Whenever tourists asked me where they should go for true gems of Nature, I always advocated Kota Kinabalu. The waters are blue, the sand is white, their coral reef is to die for and all the rigmarole.
It wasn’t until I got a trip to go to Pulau Talang-Satang that I realised that such breath-taking beauty could also be found in Sarawak.
On a sunny day, you can float on the water with a lifejacket and a snorkel to see the marine life flitting between the flower-like corals, and the sunlight catching on minute algae as schools of yellowfin fish nibble at them energetically.
All I needed to see was a sea turtle coming in to nest — which wouldn’t happen until night time.
While there are a number of turtles that come to nest such as the Hawksbill, Olive Ridley and Leatherback, Green Turtles (chelonia mydas) almost exclusively show up at the Talang-Satang Marine National Park to reproduce.
Located off the mouth of the Sematan River between Lundu and Tanjung Datu, the Talang-Satang National Park is made up of four islands — Pulau Satang Besar, Pulau Satang Kecil, Pulau Talang-Talang Besar and Pulau Talang-Talang Kecil.
This migration trail has been a part of the turtles’ life cycle since time immemorial. It’s part of their charm but also their curse as they are poached by natural predators, and, of course, humans.
Over the last 100 years or so, the turtles have been subject to egg exploitation, commercial harvest and trade, fish trawling activities, habitat destruction, pollution, inadequate research and management practices, lack of communities and other agencies concerned and inadequate funding for research and conservation.
Although it’s a daily battle, conservation efforts under Sarawak Forestry Corporation have been a great boon to the turtle population.
Compared to a 90 per cent population drop from 1950-70, the late 1990s was the beginning of a real effort to conserve this endangered species, boosted by the fact that all sea turtles were listed as Totally Protected Animals in 1990.
According to Wilfred Landong, the marine life park is almost zealously guarded.
Fishing is banned within two nautical miles of the outermost islands, and the turtle islands themselves are restricted to tourists.
Through the artificial reef ball project under Sarawak Reef Ball Working Group (SRBWG), illegal trawling activities have been cut down as nets catch on these concrete balls on the seabed and get destroyed.
The numbers of dead turtles washed up on shore has since decreased from 70-100 to 10-30 annually. But turtle conservation wasn’t all smooth-sailing.
Up to 1841 when James Brooke established his government in Sarawak, turtle eggs were a valuable commodity for Borneo.
On an expedition to suppress piracy in Sarawak in 1846, Admiral Henry Keppel in his book, The Expedition to Borneo on HMS Dido, related how 5,000 to 6,000 eggs were collected every morning by Raja Muda Hashim’s steward.
When Charles Vyner Brooke came into power, the control of the turtle islands was given to the Sarawak Museum in 1941.
From then on, the curator, E Banks, carried out a conservation programme interrupted by World War II when the Japanese occupied Sarawak.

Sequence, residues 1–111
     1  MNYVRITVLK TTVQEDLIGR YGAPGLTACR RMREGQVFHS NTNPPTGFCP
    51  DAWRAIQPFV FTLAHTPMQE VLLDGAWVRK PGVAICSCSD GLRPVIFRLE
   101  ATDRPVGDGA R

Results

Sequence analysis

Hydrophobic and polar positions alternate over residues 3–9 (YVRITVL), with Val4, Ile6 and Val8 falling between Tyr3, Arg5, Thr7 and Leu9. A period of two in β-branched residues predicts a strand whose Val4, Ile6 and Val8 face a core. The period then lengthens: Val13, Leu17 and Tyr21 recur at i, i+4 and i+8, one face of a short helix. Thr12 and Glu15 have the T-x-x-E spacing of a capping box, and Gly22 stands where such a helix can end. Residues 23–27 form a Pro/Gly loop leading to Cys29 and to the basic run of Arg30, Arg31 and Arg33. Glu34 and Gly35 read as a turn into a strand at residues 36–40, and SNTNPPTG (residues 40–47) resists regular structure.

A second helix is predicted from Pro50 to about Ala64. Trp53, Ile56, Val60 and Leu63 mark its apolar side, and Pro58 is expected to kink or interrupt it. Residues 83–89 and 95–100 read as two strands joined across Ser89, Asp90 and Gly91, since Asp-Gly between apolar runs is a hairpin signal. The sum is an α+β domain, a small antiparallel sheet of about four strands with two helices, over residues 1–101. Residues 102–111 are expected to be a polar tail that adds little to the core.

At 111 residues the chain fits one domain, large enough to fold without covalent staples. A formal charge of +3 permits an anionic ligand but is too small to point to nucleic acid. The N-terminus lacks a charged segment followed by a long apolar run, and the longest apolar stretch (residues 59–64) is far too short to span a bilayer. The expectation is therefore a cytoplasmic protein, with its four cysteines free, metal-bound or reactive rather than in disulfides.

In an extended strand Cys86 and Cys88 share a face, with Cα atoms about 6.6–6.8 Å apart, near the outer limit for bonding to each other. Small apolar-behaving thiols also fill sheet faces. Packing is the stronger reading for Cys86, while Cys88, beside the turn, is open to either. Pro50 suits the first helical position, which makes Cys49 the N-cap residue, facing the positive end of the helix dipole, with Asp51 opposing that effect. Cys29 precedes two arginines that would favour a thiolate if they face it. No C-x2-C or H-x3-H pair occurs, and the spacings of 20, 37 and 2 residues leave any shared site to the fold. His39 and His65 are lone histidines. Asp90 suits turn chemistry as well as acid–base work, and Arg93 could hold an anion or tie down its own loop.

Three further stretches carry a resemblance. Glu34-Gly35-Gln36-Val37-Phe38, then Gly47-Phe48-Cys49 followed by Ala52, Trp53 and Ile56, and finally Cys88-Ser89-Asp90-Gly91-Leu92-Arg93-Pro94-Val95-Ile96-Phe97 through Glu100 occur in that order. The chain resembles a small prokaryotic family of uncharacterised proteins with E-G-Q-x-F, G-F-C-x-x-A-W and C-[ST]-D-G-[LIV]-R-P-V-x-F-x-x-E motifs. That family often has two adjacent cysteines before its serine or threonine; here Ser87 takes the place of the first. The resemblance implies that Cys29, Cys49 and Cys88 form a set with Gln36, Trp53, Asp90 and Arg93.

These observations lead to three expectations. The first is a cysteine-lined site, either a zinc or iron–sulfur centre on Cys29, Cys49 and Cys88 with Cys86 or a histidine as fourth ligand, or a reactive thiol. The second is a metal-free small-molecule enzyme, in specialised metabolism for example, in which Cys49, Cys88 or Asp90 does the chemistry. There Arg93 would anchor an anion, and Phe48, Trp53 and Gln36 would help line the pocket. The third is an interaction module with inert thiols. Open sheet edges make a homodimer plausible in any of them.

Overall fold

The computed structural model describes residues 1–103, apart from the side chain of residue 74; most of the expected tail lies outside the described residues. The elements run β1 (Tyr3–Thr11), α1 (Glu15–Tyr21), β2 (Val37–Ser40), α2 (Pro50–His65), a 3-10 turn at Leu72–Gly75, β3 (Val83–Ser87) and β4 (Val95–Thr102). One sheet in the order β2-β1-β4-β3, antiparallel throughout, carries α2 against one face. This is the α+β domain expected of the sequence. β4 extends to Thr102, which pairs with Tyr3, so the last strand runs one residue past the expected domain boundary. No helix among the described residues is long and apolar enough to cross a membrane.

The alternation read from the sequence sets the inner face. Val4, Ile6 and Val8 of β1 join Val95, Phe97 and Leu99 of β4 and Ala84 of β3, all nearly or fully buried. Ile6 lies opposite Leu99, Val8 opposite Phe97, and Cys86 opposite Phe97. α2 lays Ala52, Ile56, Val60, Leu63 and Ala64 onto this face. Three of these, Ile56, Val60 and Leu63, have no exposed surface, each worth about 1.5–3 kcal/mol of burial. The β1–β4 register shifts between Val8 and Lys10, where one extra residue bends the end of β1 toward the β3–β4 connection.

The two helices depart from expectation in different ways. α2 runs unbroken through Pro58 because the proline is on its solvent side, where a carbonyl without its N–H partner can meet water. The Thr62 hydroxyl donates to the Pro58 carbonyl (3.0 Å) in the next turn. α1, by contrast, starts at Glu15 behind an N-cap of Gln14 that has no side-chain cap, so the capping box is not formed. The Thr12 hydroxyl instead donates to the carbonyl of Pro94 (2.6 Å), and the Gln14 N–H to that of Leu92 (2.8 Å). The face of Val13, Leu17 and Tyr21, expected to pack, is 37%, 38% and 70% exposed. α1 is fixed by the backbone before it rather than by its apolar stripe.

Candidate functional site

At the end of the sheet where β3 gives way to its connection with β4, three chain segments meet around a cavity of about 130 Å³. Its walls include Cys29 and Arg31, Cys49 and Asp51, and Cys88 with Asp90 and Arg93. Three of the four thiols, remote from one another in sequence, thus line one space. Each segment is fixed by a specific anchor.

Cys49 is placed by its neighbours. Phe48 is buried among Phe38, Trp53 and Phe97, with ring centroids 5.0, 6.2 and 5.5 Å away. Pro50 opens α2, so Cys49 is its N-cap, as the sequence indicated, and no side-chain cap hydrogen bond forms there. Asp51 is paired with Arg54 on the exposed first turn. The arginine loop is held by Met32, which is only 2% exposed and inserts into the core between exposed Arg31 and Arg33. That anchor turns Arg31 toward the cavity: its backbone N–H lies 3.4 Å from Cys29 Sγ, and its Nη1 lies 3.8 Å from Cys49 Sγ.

This was a period of misery for both Sarawakians and the Green Turtles. The Japanese military had built an airstrip opposite Pulau Satang at Sibu Laut and used Talang-Talang Kecil for bombing target practice.
What’s more, the turtles were hunted and eaten — a practice not seen in these waters before.
When World War II ended, Tom Harrison, the second curator, carried on with conservation efforts, focusing on perfecting turtle hatcheries.
Between using a hen to hatch the eggs, artificial incubators and a wire cage anchored off Talang Besar, the results proved comically disastrous.
The chicken pecked and destroyed the eggs, the artificial incubators roasted them and the hatchlings kept in the wire cage died after a few days.
Today, the SFC have somewhat perfected their hatchery management techniques to perfectly imitate the turtle’s natural life cycle.
Interestingly enough, it wasn’t until 1999 that all turtle eggs were put to conservation, effectively prohibiting any sale or purchase.
According to Park Warden Tonny Ganyai, the hatchery tries to maintain the turtles’ imprinting process by allowing them to run down the beach.
“We also protect them from predators by releasing them at night or early morning at different locations,” he said.
It’s especially essential to transfer the eggs within two hours after being laid and with minimal movement.
“The membrane starts to grow and attach the yolk to the inside of the eggshell. Any rolling or jerky movement will tear the membranes and kill the egg,” he added.
Hatchlings are also being released from the Tanjung Datu hatchery, a move Marine Park Warden Christopher Kri speculates will lead to that batch returning in 40 years to lay their eggs there.
Research on the gentle creatures is on-going. Through satellite telemetry studies, their migration routes and feeding grounds have been identified and one is at Kuala Lawas and Pulau Sempadi.
In future, the hatchery hopes to gazette these areas as totally protected.
As Nature tourism is limited to these islands, the only chance anybody might have of witnessing these sea-going reptiles is through the volunteer and turtle adoption programmes.
The Adopt-A-Turtle and Adopt-A-Nest programme allows participants to either adopt a turtle for a RM200 donation or a nest for RM100.
Open from May to September, the Sea Turtle Conservation Programme allows volunteers to actively participate in Sarawak’s turtle conservation efforts by spending four days at the Turtle Conservation Station on Pulau Talang-Talang Besar.
Their duties include beach patrols to locate turtle arrivals, monitoring turtle nesting activities, tagging and measuring turtles, transferring eggs to the hatchery, releasing hatchlings, data recording and other on-site conservation activities.